On 4 May, New York’s Guggenheim Museum will install a controversial artwork by Italian sculptor Maurizio Cattelan. Titled ‘America’, the sculpture is a fully functioning toilet made entirely of 18-carat gold. Museum patrons who’ve paid the entrance fee will be able to either appreciate the object as an artwork or as a public convenience – or both.
The toilet will be installed in one of the museum’s single-person, unisex toilets. It will be under permanent guard to prevent vandalism, but patrons will be free to use it as they would any other toilet.
The 56-year-old Italian, who has come out of a five-year retirement to create ‘America’, is known for his satirical edge. Another sculpture, entitled ‘La Nona Ora’ (‘The Ninth Hour’), features Pope John Paul II in full regalia being crushed by a meteorite. Jonathan P. Binstock, curator of contemporary art at the Corcoran Gallery of Art, describes Cattelan as “one of the great post-Duchampian artists and a smartass, too.” The golden toilet’s scatological humour hearkens back almost a century to the classic 1917 ‘found object’ sculpture ‘Fountain’ by French-American artist Marcel Duchamp. While initially rejected by an American gallery, ‘Fountain’ has since become a landmark in the history of contemporary art. Cattelan has added elements of interactivity and material excess to Duchamp’s concept.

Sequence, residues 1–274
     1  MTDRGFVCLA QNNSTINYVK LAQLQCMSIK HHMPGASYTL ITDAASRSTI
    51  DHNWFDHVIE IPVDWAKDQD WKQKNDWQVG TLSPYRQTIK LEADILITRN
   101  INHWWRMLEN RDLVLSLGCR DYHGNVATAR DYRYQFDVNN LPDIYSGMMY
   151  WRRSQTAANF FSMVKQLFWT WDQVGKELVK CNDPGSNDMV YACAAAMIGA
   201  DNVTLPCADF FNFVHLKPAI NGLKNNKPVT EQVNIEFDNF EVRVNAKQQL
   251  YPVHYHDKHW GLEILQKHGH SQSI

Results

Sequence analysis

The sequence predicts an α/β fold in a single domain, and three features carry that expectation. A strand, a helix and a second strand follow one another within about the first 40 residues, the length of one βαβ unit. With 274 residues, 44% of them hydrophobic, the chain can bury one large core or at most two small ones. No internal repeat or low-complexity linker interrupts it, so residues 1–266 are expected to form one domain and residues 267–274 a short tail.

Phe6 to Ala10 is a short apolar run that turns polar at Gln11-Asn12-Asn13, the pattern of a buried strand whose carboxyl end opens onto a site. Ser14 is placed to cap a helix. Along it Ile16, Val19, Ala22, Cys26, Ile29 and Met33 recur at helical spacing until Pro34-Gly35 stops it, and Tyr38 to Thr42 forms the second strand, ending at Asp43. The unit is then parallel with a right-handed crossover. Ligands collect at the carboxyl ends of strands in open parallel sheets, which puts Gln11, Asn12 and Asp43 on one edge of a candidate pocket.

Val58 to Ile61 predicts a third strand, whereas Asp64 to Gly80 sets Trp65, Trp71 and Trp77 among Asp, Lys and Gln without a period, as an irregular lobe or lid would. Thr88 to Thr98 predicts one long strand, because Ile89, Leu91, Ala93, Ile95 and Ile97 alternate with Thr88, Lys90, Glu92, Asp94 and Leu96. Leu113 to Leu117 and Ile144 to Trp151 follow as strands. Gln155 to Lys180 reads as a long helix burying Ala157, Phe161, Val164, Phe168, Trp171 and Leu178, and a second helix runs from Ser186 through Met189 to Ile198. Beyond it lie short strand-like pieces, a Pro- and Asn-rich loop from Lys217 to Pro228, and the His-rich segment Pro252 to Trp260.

The Guggenheim anticipates the queues outside the golden toilet will be longer than would ordinarily be the case. Intending to exhibit the artwork indefinitely, the museum says it is a reference to the American dream. According to a media statement, “The new work makes available to the public an extravagant luxury product seemingly intended for the 1 percent.” The cost of the artwork, which was paid for with private funds, remains undisclosed.